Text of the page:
Monday, 12 December 2011

Purge by Sofi Oksanen

I first heard about Sofi Oksanen's Purge through Willa's blog, and as soon as I read her review of it I knew I had to read it for myself.  Finally, almost four months later, I managed to get my hands on a copy.  Set in Estonia during the 1940s and 1990s, it is the story of two women who have both suffered abuse.

Aliide Truu is living an old-fashioned life in rural Estonia, cut off from all her neighbours.  She is happy being self-sufficient until she finds Zara, a badly beaten woman, in her garden.  As Aliide begins to help Zara, she is forced to look back on her own past and involvement with both the Estonian Nationalist Movement and the Soviet state.  Zara is a young Russian-Estonian girl who is visited by a friend and promised a luxurious life in the west, only to be sold as a sex slave and kept captive.

Purge is not an easy story to read.  Both women go through experiences that you could only describe as horrific and some of the things that happen to Zara in particular will make your stomach churn.  Aliide's story doesn't hide from the use of rape as an interrogation technique by Soviet forces.  These experiences are described graphically but not gratuitously by Oksanen, and you really feel for both women.

I went into the story knowing that there would be descriptions of sexual abuse, but for me the most disturbing thing about this book was the character of Aliide herself.  Oksanen slowly reveals more and more about her and her thought processes with the result that she has created a wonderfully three dimensional and distasteful character; at times I felt very sorry for Aliide but at other times I felt disgusted with her.  I didn't guess the revelation about her that comes in the closing section, and I felt that this was very clever of Oksanen.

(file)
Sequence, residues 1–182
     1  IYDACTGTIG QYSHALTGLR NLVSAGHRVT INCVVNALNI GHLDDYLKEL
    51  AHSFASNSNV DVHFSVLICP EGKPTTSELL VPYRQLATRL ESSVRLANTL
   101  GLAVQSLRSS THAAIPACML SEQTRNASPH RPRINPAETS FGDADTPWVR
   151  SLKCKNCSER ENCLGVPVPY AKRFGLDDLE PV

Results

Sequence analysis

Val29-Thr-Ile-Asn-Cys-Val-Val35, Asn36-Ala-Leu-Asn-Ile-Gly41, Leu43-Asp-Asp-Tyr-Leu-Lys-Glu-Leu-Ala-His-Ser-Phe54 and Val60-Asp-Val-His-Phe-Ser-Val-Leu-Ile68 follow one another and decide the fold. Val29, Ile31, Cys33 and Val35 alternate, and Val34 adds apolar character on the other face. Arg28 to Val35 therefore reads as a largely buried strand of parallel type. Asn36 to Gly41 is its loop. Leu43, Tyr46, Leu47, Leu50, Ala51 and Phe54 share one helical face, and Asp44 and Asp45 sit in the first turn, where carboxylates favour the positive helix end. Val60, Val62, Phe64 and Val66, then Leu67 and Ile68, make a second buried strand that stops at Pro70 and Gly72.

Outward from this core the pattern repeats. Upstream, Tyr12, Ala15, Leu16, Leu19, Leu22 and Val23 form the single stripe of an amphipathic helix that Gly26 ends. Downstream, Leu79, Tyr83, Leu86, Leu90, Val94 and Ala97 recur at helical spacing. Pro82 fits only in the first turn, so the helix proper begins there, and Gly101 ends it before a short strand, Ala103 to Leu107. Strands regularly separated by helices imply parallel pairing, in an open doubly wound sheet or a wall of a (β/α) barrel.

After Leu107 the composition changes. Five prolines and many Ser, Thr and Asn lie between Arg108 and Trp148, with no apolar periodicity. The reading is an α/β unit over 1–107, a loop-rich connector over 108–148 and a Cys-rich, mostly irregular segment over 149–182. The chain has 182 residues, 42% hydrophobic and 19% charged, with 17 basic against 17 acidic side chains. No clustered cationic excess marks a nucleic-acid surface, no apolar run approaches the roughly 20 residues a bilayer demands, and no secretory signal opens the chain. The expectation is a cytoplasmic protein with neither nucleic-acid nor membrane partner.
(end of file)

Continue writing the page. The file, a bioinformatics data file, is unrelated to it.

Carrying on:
Despite dealing with difficult subjects, Purge is definitely a worthwhile read.  I finished it a few days ago and yet my mind is still buzzing with thoughts about it.  It has illuminated a chapter of European history I knew very little about.  Purge is also a page turner, I found it almost impossible to put this book down as I was desperate to find out what would happen to Zara and why Aliide was the way she was.  It's a book that has a great impact and I would strongly recommend it.

Verdict: Powerful story of the abuse of two women in Estonia.
Source: Library
Score: 5 out of 5


  1. What an intense and heavy book. Subjects like this are difficult to read but so important for anyone interested in women's studies. I'll be looking for a copy to add to my TBR shelf for the new year.

  2. This is the first that I have heard of it, but your review makes it sound very much worth my time to look into. Thanks for sharing your thoughts!

  3. I hadn't heard of this book until now but it sounds powerful and intense.I will be looking this up.

  4. This sounds wonderful... have just added it to my wish list.

  5. Hope you all enjoy it. It's not an easy read but well worth it.

  6. I have seen this one before but I didn't realise how powerful the subject matter was. Thanks for the review.

  7. Every review I've read of this book has said how intense and awesome it is. I so need to read it.

  8. You should all definitely read it :)

  9. I read this book a year or two ago (my thoughts: and I loved it. It was one of the best books I read that year and always wondered why it didn't succeed in the US.

  10. Man of la Book, thanks for linking to your review. I wonder if the history and setting are too obscure for the general US audience?

    1. I blamed it on the stereotypical American individualism that you left out the history, mentioning only abuse of individuals.

      I assumed you would have done same with books about the slavery or treatment of Native Americans - calling a book about mistreatment of two generations of female slaves "powerful story of the abuse of two women in USA", it never entered my mind that you might have not ignored the Soviet occupation and results of the fall of the Soviet Union intentionally.